Creative Kids: Six Items That Encourage Creative Play

creative playThanks so much to everyone who read and shared Carol’s post from last week.  This week we’re covering a topic that I know I personally need help with and I’m sure there’s others who do too; ideas for encouraging our little ones to play creatively…

Some of my favorite moments with my oldest daughter have been when I find her using her imagination. She is usually talking to herself, making up a story or replaying a tale like Little Red Riding Hood or one from her most recent favorite TV show. When I find her like this she usually has picked up something lying around to use in her play. This is why I’ve found having a few key items available important for fostering creative play.

Benefits of Creative Play

Creative play is defined as any play in which the person uses their imagination or creativity. This can encompass dress up and dramatic play as well as coloring or creative projects.
For children, play is extremely important in their development, and creative play is no different. Here are some of the benefits of creative play.

  • Social skills – Since many time pretend play occurs when more than one child, the children will be playing together. Through their collaborative play, they are also working on their interpersonal skills.
  • Engages all senses – Creative play engages a child’s senses. If they’re making a fort with clothespins they’re using their fine motor. While they’re pretending to be a frog, their gross motor skills are engaged. If they’re a pirate on the high seas, they’re pretending to look through a spyglass with their vision.
  • Deal with difficult situations – One of the best aspects of creative or imaginative play is that children can take risks and deal with challenging scenarios without the repercussions. This is how they learn to navigate and work through some difficult situations that have been bothering them.

Items That Foster Creative Play

I’ve found that having these items in my house and readily available encourages my children to engage in creative play more. The below are either free or already in your house.

Fabric or blanket

Big or small, a piece of fabric can transform into anything – a cape, a tent, a picnic blanket. By having clothespins on hand you can easily make a play fort. If looking for fabric to dedicate for creative play, look for playsilks like Sarah’s Silks.

Cardboard box

Depending on the size, a cardboard box can be anything from a pirate ship to an astronaut helmet. If you have smaller children like me, you’re buying tons of diapers and diaper boxes are versatile.

Kitchen Utensils

You don’t need a fancy kids kitchen set or tea at to engage in food related pretend play. A cup and spoon can open up many possibilities. There’s always the old classic wooden spoon and pot that instantly turns any kid into a rock and roll drummer.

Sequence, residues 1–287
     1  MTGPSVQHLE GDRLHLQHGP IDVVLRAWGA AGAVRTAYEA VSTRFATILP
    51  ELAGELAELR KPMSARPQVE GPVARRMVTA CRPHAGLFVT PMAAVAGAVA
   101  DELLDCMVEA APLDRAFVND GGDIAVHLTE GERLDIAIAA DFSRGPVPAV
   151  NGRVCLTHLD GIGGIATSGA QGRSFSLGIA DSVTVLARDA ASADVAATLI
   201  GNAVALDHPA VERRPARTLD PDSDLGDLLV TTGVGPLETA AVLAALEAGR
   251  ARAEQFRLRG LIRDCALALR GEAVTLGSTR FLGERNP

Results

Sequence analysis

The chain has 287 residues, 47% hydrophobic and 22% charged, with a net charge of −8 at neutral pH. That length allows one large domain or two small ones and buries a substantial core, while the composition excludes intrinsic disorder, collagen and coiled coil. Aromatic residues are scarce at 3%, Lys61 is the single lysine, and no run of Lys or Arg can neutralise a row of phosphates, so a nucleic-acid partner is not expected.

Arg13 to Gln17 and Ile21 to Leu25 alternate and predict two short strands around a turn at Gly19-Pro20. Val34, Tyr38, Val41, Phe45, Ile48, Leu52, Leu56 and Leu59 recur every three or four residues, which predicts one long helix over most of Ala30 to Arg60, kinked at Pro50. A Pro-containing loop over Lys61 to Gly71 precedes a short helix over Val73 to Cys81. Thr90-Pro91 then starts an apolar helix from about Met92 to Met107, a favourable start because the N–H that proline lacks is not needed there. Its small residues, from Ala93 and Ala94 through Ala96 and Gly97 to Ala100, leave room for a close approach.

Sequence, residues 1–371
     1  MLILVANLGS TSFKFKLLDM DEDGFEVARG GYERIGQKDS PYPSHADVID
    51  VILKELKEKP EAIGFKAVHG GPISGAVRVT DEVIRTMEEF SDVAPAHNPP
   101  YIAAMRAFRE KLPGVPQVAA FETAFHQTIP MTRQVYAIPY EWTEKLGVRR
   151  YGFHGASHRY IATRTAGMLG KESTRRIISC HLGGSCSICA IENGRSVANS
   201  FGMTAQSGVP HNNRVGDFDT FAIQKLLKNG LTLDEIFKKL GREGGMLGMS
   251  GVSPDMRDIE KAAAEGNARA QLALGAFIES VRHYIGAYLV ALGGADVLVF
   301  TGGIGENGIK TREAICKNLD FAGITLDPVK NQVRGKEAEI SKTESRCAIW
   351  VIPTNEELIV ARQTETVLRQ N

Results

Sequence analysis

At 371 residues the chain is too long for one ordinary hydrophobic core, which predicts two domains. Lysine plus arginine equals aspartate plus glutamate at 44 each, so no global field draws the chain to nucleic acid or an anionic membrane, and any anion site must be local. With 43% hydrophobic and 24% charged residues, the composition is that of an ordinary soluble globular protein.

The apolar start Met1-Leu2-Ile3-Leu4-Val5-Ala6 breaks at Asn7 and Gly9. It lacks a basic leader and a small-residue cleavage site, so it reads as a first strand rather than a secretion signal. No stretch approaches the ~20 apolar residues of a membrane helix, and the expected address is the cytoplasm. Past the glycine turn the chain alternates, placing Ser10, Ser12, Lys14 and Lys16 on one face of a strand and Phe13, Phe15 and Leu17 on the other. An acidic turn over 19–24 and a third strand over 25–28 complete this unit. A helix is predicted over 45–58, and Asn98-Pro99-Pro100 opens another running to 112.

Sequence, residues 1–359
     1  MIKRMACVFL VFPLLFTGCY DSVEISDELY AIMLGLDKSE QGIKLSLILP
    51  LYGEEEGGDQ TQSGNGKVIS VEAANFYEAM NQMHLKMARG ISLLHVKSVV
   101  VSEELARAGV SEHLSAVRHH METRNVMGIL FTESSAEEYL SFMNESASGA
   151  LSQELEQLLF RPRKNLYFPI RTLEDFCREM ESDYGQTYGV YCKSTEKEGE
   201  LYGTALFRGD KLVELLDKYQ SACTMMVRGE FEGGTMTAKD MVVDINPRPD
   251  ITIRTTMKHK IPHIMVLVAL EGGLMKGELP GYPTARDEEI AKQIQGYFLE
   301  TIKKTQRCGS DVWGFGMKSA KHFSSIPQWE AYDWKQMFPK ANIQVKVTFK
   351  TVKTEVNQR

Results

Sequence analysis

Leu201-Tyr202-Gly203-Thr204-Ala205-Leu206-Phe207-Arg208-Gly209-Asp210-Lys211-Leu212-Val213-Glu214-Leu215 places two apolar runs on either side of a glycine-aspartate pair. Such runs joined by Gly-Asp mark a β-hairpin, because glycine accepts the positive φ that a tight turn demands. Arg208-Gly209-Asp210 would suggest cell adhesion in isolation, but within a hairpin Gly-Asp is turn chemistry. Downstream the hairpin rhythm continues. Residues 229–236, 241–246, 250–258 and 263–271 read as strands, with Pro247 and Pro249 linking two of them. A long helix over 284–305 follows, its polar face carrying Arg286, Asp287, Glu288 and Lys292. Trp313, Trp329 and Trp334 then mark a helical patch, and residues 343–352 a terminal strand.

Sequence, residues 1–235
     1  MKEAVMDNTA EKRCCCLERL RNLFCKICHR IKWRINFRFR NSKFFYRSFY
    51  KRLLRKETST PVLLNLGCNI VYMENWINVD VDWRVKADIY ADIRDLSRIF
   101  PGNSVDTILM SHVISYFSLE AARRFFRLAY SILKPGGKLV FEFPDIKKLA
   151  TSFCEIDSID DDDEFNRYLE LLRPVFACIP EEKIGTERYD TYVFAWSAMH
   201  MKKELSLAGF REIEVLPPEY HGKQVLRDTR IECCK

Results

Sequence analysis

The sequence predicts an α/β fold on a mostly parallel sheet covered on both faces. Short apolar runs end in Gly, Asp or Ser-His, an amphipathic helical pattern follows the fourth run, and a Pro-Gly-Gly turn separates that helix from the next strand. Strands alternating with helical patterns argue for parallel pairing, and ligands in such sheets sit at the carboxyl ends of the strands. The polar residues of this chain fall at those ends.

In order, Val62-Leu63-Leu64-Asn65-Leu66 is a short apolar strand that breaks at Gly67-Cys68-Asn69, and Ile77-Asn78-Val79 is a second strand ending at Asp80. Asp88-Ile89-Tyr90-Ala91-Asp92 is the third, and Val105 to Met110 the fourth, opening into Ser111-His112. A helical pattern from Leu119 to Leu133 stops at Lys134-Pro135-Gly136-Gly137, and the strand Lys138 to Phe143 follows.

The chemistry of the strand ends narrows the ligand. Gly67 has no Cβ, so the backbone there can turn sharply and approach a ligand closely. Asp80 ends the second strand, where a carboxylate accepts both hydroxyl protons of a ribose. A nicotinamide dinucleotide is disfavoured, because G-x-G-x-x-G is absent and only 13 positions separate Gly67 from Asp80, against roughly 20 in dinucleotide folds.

Laundry Baskets

Kids love laundry baskets and the sturdiness of plastic baskets can give your child many avenues for creativity.

Leaves or Sticks

Leaves are instantly bouquets and sticks are wands with magic powers. The best thing is they are both free and found in abundance!

Marker or Crayon

Drawing utensils can turn any paper object magically into something else. A paper bag turns into a puppet and a paper plate into a mask.

About Colleen

Colleen is a marketer but day and parent to two little girls by night. She has a background in visual arts which means creating with her little ones is her favorite activity.  She runs with her husband who is a special education teacher.

This post originally appeared here.  To read more from Colleen, find Kinesthetic Kid here on Twitter, Facebook, Instagram or Pinterest.  

Do you and your kids have a creative activity you’d like to share in this series?  I’d love to hear from you so drop a line to



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A Beginner’s Guide To Card Craft


One comment on “Creative Kids: Six Items That Encourage Creative Play

  1. Some great suggestions, the cardboard box is an absolute winner which we have had many hours of fun with our daughter after adding some creativity to it 🙂 From a social skills point of view, I found that interaction with other kids is extremely important for building social skills and confidence (where you have just one child like we do). Nursery has helped a great deal with her speech and also with interacting with other kids, I would definitely recommend it even if it’s just for a few hours a week (nurseries are super expensive!).

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